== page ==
• 3.
        Artificial donor insemination, oocyte donation, and embryo donation are associated with an increased risk of developing pregnancy-induced hypertensive disorders.
        • Robillard P.Y.
        • Dekker G.A.
        • Hulsey T.C.
        Revisiting the epidemiological standard of preeclampsia: primigravidity or primipaternity?.
        ,
        • Robillard P.Y.
        • Dekker G.
        • Chaouat G.
        • Scioscia M.
        • Iacobelli S.
        • Hulsey T.C.
        Historical evolution of ideas on eclampsia/preeclampsia: a proposed optimistic view of preeclampsia.
      It should be noted that the role of a “new father” (primipaternity) is associated with not only an excess risk of preeclampsia but also lower infant birthweight. In addition, in this aspect, multiparous women with a new partner behave similarly to primigravid women.
      • Robillard P.Y.
      • Dekker G.
      • Chaouat G.
      • Scioscia M.
      • Boukerrou M.
      Primipaternities and human birthweights.
      It has been observed for 160 years, without proper explanations, that primiparous women gave birth to slightly lighter babies than multiparous women.
      • Robillard P.Y.
      • Dekker G.
      • Chaouat G.
      • Scioscia M.
      • Boukerrou M.
      Primipaternities and human birthweights.
      We have recently shown that when comparing birthweights, primipaternity-multiparous women have 100- to 150-g lighter babies on average than their multiparous counterparts (after adjustment for preeclampsia, smoking, alcohol, and maternal BMI). Considering the human pregnancy as a “maternal-fetal graft paradox,” it makes sense to assume that the first establishment of a “couple’s symbiosis” might be less successful in first pregnancies. In subsequent pregnancies, the tissue habituation (including some permanent changes in uterine vasculature) has already been boosted by a first pregnancy.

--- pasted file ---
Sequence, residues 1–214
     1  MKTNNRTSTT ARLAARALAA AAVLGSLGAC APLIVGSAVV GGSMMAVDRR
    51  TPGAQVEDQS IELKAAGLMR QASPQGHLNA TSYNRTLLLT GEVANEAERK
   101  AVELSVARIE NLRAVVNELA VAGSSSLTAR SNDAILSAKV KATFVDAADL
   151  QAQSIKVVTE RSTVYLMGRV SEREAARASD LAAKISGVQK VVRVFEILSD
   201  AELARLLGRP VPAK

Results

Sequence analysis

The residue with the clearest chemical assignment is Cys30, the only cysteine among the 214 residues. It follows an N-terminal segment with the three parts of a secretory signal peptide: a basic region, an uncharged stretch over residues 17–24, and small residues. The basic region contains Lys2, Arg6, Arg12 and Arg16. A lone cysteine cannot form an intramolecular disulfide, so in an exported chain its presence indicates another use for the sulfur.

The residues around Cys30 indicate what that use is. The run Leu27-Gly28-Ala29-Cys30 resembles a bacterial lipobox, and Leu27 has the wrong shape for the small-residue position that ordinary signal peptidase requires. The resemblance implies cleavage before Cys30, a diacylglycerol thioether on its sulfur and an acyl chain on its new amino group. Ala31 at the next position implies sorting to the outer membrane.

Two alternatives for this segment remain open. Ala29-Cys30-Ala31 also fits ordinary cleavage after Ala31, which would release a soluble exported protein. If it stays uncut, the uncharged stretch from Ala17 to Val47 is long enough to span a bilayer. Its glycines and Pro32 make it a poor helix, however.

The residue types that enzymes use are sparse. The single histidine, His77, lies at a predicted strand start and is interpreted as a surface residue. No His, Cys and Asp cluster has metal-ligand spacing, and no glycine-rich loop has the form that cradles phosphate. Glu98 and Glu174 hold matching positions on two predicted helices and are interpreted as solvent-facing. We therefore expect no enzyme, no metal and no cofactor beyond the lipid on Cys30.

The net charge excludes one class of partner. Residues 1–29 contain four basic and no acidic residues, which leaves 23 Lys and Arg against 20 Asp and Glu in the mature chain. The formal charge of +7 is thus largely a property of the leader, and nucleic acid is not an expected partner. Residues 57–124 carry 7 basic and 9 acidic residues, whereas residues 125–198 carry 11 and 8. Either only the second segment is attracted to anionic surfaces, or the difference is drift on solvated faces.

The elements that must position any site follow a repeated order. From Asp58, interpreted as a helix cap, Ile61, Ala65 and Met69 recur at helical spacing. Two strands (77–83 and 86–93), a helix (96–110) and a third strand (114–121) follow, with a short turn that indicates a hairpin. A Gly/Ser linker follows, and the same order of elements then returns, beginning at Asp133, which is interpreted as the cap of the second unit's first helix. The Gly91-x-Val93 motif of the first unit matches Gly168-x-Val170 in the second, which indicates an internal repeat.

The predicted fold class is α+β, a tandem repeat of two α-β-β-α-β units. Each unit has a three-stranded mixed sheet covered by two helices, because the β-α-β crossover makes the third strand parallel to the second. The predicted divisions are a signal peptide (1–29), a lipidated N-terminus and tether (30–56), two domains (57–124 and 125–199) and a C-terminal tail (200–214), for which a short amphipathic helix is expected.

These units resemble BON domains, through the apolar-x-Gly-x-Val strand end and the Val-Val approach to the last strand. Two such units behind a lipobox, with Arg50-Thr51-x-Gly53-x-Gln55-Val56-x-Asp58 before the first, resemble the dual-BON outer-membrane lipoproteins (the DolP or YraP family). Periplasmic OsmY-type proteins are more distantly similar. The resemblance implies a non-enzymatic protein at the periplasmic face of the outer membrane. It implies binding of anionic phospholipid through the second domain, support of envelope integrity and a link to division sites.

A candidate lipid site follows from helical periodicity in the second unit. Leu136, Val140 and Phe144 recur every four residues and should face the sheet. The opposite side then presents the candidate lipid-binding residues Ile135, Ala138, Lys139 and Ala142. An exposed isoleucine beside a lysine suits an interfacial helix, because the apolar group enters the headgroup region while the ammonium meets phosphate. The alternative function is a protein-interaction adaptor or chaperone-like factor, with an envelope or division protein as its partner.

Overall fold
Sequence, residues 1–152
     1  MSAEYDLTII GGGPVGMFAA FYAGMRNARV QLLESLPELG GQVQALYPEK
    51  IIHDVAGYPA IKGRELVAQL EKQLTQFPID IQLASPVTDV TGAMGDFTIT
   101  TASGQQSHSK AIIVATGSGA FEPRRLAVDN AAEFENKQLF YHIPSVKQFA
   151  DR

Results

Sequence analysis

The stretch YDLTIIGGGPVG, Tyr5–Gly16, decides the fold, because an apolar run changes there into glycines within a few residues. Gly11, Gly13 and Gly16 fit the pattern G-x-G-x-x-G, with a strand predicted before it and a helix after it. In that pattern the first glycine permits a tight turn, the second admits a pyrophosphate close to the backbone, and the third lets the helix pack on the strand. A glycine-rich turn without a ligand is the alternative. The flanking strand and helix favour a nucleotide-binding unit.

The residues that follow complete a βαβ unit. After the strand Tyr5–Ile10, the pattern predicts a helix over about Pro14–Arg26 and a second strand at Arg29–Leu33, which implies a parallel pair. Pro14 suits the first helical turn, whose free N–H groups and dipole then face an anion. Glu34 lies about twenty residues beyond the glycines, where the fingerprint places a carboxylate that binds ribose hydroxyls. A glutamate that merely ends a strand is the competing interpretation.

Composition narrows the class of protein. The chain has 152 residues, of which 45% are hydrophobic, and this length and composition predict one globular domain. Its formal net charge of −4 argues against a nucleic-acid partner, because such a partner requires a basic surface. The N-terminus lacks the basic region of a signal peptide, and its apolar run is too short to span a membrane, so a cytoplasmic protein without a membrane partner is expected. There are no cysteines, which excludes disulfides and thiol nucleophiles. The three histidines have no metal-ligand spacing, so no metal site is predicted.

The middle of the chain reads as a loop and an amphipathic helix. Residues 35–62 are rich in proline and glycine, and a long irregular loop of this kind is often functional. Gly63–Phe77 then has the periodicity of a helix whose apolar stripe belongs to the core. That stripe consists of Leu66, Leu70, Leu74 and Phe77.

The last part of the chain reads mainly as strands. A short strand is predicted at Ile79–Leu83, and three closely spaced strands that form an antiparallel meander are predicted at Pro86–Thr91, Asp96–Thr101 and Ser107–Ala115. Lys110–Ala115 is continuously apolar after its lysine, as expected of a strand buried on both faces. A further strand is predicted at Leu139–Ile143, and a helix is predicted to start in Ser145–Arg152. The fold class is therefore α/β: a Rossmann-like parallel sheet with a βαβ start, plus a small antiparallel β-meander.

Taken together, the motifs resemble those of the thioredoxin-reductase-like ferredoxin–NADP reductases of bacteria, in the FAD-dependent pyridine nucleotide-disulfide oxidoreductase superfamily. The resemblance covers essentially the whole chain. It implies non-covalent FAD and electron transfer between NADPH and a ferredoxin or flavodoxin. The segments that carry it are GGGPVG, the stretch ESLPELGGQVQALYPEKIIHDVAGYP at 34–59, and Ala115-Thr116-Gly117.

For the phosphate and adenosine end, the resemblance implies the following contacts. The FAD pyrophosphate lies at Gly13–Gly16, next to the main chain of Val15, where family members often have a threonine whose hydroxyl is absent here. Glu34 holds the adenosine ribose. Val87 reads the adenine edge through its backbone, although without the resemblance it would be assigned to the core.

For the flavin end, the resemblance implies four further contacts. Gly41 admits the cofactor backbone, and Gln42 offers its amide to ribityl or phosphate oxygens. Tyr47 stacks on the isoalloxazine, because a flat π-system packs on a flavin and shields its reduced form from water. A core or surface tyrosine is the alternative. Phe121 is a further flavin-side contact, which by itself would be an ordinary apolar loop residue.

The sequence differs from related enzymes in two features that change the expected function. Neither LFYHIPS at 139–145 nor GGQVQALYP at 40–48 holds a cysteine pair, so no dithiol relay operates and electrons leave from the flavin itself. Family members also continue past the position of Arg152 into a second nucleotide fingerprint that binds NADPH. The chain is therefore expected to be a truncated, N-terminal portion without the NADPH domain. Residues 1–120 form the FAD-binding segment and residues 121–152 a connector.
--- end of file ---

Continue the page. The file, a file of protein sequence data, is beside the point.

• Robillard P.Y.
      • Dekker G.
      • Chaouat G.
      • Scioscia M.
      • Boukerrou M.
      Primipaternities and human birthweights.
      ,
      • Goldman-Wohl D.
      • Gamliel M.
      • Mandelboim O.
      • Yagel S.
      Learning from experience: cellular and molecular bases for improved outcome in subsequent pregnancies.
      In the discussion of the immunology of preeclampsia workshop 2018 paper
      • Robillard P.Y.
      • Dekker G.
      • Chaouat G.
      • Elliot M.G.
      • Scioscia M.
      High incidence of early onset preeclampsia is probably the rule and not the exception worldwide. 20th anniversary of the reunion workshop. A summary.
      (Tables 1 and 2), the current authors stated that “with the hemochorial placenta, women would have to face a potentially serious immunologic ‘attack’ at the fetomaternal interface.” To prevent rejection, mammals have acquired an immunologic tolerance mechanism. However, inadequate tolerance can lead to complications, such as preeclampsia and poor placentation-induced FGR (Figure).
      Table 1Summary of major advances in immunology of reproduction these last 3 decades
      Major advances in immunology of reproduction
      • Lack of HLA-G in preeclampsia (1990s)
      • Role of cytokines (Th1 or Th2 paradigm) (1990s)
      • Immunologic role of seminal fluid (TGF-β) (Tremellen, & S. Robertson (1998)
      • Pivotal role of NK cells (implantation and angiogenesis) B.A. Croy, A. Moffett, S. Hiby (2000–2004)
      • Dysregulation of angiogenic factors by complement activation (Girardi et al, 2006)
      • Role of hyperglycosylated HCG (deepness of implantation) (Cole, 2007)
      • Immunologic animal model for preeclampsia (Girardi, 2008)
      • Pivotal role of T Reg cells (Saito, 2010)
      Redman and Sargent,
      • Redman C.W.G.
      • Sargent I.L.